In preparing for the CHARM initiative in India, researchers used WHO guidelines57 on domestic violence to conduct assessments. Husbands and wives were surveyed privately and separately. All participants, prior to baseline, were provided basic family planning information and how to access services. All female participants were provided with information on services for domestic violence. Following the baseline assessment, husbands in the intervention group were linked to male village health care providers trained to implement the CHARM intervention. Village health providers used a flipchart that addressed gender-equity related barriers, such as the importance of shared family planning decision making plus the importance of respectful marital communication, particularly no spousal violence (see below in Tools and Resources for a description and link to the training manuals used by CHARM, and the Table and Appendix for impact of effectiveness).21,58 CHARM was developed by experts on family planning, gender, and GBV. To date, CHARM has resulted in statistically significant increases in contraceptive use and gender equity.
The following are illustrative indicators based on the Theory of Change that can be collected from a variety of data sources such as routine monitoring systems,59 remote mobile-based surveys,60 or household surveys such as PMA (https://www.pmadata.org/) and DHS (https://dhsprogram.com/).
- High Impact Practice: Number or percentage of intended audience who reported seeing family planning messages promoting communication among couples about family planning in the past three months by channel (e.g., social media, television, radio, community meetings).
- Changes: Number or percentage of intended audience who discussed contraceptive use with their partner in the past three months.
- Benefits to Audience: Percentage of women who state that use of modern contraception is their decision or a joint decision with their partner.
Priority research questions
- Do digital platforms successfully increase healthy couples’ communication?
- What programs and policies prepare adolescents to engage in healthy couples’ communication for fertility intentions?61
- Conduct cost-effectiveness studies to increase healthy couples’ communication that disaggregates how much various interventions cost.
- What programs and policies are effective in engaging couples in discussions related to healthy timing and spacing of pregnancies?62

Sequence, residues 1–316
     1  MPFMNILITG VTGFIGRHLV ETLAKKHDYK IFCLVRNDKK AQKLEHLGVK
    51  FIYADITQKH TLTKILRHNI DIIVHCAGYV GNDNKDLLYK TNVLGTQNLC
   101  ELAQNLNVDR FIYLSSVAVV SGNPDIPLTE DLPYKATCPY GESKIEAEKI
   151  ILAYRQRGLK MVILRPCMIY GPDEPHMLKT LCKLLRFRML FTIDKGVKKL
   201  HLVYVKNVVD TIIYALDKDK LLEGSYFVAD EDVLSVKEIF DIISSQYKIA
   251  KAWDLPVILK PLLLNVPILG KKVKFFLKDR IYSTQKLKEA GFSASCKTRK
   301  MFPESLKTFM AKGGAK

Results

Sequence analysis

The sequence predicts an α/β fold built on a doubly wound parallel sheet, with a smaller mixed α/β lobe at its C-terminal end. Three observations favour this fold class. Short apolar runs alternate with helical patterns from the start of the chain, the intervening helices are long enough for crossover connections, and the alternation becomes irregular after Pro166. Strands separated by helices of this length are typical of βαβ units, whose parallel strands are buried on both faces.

- What are steps required to minimize potential negative impacts of couples counseling such as violence and reproductive coercion?48,49
- Save the Children. 2007. Male motivator training curriculum. The male motivator approach is designed to engage men to break down gender norms leading to male-initiated couples’ communication about family planning. Men who use modern contraception are identified and trained as male motivators and visit other men in the communities to provide information on contraception, plus practice skills to discuss fertility desires with wives.
- Rwanda Men’s Resource Center, Promundo-US and Rutgers WPF. 2013. Bandebereho Facilitator’s Manual: Kigali, Rwanda; Washington, DC, USA, Utrecht, The Netherlands. This tool is designed for participatory community engagement activities on gender equality, family planning, parenting, violence, and caregiving.
- UCSD. CHARM manual. This manual is designed to enhance the knowledge of health care practitioners on ways to address gender issues among young married couples in choosing and exercising their family planning options.
Note: If your program is addressing GBV in addition to healthy couples’ communication, there is a wealth of resources that you can consult, such as: https://prevention-collaborative.org; https://www.unwomen.org/en/digital-library/publications/2020/07/respect-women-implementation-package and https://www.whatworks.co.za/
- Becker S. Couples and reproductive health: a review of couple studies. Stud Fam Plann. 1996;27(6):291–306. Accessed February 21, 2022. https://www.jstor.org/stable/2138025
- Jato MN, Simbakalia C, Tarasevich JM, Awasum DN, Kihinga CNB, Ngirwamungu E. the impact of multimedia family planning promotion on the contraceptive behavior of women in Tanzania. Int Fam Plann Perspectives. 1999;25(2):60. https://doi.org/10.2307/2991943
- Lasee A, Becker S. Husband-wife communication about family planning and contraceptive use in Kenya. Int Fam Plann Perspectives. 1997;23(1):15. https://doi.org/10.2307/2950781
- Schwandt H, Boulware A, Corey J, et al. An examination of the barriers to and benefits from collaborative couple contraceptive use in Rwanda. Reprod Health. 2021;18(1):82. https://doi.org/10.1186/s12978-021-01135-6